OHSU Suspends Heart Transplant Program Indefinitely

Providence Health & Services, which has a robust cardiology program, is bracing for an influx of patients.

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Oregon Health & Science University announced late Friday that it was halting the state's only heart transplant program indefinitely.

A week ago, OHSU officials told staff in an internal email that the university would close the program for two weeks because of a lack of cardiologists. 

Dr. Jill Gelow was the first to leave. She adopted a son and wanted to spend time with him so she resigned. On July 30, she was hired by Providence Health & Services. Dr. Jim Mudd, the lead cardiologist in the program is stepping down at the end of September because his boss, Dr. Joachin Cigarroa, was not renewing Mudd's contract, sources told The Lund Report. Dr. Jonathan Davis, overworked because of staffing shortages, is also leaving along with Dr. Divya Soman, the remaining cardiologist in the transplant program.

The only other heart transplant programs on the West Coast are in Seattle, Spokane and San Francisco. In Oregon, Providence Health & Services does not perform transplants but has a robust cardiology department.

Providence is bracing for an influx of patients.

The lead cardiologists at Providence told staff in an internal note on Thursday that "the departure of these physicians will affect care not just for transplant patients but for other populations of heart failure patients who are treated at OHSU." Dr. Dan Oseran, executive medical director of cardiology at Providence in Oregon, and Jennifer Zelensky, executive director, added, "Providence is likely to be the community’s logical option for patients requiring this type of care."

"We have begun discussions with OHSU about transitioning care for patients in the short term," the memo said. "We know this presents both opportunities as well as challenges to our program, our hospitals and our clinics. We are in the process of quickly putting in place the operational infrastructure to accommodate these anticipated increased volumes."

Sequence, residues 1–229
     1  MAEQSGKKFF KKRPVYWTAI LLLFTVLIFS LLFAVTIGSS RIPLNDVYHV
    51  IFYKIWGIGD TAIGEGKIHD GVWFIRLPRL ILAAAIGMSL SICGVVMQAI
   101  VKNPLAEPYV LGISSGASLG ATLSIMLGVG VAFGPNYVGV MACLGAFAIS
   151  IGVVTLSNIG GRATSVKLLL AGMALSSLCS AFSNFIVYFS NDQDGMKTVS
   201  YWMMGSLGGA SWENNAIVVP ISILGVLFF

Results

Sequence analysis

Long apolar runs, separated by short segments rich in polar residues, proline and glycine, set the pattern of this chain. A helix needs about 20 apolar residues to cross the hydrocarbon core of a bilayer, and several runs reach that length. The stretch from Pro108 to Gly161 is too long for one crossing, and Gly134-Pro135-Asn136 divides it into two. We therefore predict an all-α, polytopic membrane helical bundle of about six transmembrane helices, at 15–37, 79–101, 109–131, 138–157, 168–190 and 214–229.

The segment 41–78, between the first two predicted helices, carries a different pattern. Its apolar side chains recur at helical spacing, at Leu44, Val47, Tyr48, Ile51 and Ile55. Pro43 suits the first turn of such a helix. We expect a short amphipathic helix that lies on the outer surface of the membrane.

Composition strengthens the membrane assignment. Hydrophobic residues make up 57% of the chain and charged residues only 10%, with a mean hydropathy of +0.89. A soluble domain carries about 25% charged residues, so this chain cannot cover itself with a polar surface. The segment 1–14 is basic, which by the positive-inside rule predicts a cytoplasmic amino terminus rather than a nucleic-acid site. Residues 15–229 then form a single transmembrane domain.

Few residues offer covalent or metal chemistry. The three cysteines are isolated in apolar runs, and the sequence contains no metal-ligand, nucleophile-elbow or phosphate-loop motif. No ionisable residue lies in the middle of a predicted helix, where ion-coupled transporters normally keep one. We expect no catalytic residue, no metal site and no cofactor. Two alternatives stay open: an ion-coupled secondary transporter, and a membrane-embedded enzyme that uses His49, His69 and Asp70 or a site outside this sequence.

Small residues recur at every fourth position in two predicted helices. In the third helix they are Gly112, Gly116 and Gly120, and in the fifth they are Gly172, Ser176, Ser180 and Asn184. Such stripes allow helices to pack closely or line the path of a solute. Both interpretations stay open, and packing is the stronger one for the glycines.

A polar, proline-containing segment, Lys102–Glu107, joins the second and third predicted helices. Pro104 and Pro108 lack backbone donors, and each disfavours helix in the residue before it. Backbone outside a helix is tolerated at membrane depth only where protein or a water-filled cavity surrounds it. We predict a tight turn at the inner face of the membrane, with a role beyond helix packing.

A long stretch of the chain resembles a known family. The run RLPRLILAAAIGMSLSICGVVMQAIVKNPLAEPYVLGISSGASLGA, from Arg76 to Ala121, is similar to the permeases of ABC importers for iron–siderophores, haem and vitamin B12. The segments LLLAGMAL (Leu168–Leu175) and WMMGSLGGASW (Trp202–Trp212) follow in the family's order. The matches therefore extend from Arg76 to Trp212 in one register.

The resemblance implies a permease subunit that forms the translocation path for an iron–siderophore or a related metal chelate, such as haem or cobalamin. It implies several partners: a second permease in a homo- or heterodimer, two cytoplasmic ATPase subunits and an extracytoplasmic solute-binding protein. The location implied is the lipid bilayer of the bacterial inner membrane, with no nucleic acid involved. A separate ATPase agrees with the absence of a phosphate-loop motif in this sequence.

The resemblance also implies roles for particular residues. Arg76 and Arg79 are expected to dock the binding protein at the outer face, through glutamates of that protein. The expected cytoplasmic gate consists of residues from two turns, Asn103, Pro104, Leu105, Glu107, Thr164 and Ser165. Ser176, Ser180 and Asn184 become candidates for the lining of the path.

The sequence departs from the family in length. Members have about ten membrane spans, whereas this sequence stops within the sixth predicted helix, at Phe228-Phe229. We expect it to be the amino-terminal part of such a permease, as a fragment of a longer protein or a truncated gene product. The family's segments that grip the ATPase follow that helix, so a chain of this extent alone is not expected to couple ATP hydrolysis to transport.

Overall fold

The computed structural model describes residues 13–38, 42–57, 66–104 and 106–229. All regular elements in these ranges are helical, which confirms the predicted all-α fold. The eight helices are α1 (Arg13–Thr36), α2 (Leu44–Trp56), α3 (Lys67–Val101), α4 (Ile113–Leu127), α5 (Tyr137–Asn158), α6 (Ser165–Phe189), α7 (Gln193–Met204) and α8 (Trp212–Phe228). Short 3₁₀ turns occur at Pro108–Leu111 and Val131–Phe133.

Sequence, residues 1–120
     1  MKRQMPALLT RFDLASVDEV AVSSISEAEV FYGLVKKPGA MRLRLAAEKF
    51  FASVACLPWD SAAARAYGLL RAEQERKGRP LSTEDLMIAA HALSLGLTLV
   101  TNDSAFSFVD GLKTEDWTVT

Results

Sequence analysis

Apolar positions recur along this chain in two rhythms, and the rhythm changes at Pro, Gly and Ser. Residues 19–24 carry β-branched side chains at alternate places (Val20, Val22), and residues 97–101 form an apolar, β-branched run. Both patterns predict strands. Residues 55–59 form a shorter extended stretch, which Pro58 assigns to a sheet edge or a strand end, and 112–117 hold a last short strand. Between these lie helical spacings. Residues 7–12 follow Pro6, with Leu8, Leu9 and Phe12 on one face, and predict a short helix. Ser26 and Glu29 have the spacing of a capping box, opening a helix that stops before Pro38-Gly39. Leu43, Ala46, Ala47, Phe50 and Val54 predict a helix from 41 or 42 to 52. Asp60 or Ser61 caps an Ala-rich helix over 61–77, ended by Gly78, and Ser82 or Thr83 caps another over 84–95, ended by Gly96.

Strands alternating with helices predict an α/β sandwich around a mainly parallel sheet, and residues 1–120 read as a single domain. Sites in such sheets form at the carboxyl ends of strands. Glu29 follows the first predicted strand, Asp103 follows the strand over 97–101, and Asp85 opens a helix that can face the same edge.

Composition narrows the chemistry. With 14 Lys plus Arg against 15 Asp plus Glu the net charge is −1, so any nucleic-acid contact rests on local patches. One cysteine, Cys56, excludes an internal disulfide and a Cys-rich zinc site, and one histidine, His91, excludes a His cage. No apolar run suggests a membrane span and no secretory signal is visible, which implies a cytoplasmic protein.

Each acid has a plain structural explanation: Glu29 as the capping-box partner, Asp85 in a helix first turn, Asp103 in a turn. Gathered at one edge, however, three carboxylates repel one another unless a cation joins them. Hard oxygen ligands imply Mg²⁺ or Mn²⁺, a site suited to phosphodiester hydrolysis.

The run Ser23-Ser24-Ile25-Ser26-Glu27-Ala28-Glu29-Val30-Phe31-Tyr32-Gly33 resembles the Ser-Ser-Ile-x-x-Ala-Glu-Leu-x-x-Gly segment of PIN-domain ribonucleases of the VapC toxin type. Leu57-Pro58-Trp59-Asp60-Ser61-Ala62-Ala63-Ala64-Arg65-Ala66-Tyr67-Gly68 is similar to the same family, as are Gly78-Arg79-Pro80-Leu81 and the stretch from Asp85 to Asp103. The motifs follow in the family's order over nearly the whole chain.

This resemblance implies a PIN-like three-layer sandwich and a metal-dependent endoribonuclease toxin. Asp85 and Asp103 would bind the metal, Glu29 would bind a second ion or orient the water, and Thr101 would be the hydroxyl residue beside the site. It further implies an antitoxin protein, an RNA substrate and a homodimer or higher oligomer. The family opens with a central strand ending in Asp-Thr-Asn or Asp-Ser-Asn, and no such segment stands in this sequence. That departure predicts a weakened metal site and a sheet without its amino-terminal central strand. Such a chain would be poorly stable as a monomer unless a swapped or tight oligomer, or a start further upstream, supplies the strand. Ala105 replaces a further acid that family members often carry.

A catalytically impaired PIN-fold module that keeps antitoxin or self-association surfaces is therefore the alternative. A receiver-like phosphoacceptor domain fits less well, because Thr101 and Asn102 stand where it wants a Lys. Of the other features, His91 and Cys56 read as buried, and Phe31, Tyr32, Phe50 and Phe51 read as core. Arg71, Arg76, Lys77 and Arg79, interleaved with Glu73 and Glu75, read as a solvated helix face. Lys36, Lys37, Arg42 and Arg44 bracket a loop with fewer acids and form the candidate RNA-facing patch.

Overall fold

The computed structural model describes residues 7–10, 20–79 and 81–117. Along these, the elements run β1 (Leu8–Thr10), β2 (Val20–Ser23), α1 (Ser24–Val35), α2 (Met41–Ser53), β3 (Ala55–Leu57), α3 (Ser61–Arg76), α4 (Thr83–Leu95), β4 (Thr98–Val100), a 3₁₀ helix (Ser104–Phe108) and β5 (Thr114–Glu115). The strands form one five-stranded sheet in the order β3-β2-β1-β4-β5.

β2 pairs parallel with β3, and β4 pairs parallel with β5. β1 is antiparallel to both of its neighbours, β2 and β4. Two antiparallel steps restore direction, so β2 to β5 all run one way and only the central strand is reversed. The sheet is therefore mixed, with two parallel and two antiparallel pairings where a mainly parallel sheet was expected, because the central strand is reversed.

Providence employs five heart failure specialists, including Gelow.

At OHSU, there are 20 patients on the transplant waiting list and five due to be evaluated. Another 327 are in various stages of aftercare. OHSU said that the 20 waitlist patients have moved to other programs or are staying put. Eight of them were referred to the University of Washington in Seattle, UW Medicine announced. It performed 75 heart transplants last year, making it the third largest program in the country. 

OHSU physicians will meet with the five patients who are waiting for an evaluation to discuss their options. OHSU said it will address the immediate needs of the 327 post-transplant patients.

During the suspension, OHSU will not accept referrals, evaluate new patients for transplant, accept donor hearts, implant long-term heart pumps or perform any heart transplants. It will work to move patients with long-term ventriular assist devices to other centers, such as Providence, and will continue to treat patients who need complex cardiovascular and heart failure care.

OHSU’s liver, pancreas, kidney and bone marrow transplant programs are not affected.

The announcement said the university is notifying patients by phone or letter of the extended suspension. It advised patients who've not heard from anyone to call the cardiac hotline at 833-674-8236 or email cardiaccare@ohsu.edu.

OHSU is looking for heart failure cardiologists to staff the program, but recruiting talent takes time -- especially now with all the publicity about the suspension.

You can reach Lynne Terry at Lynne@thelundreport.org.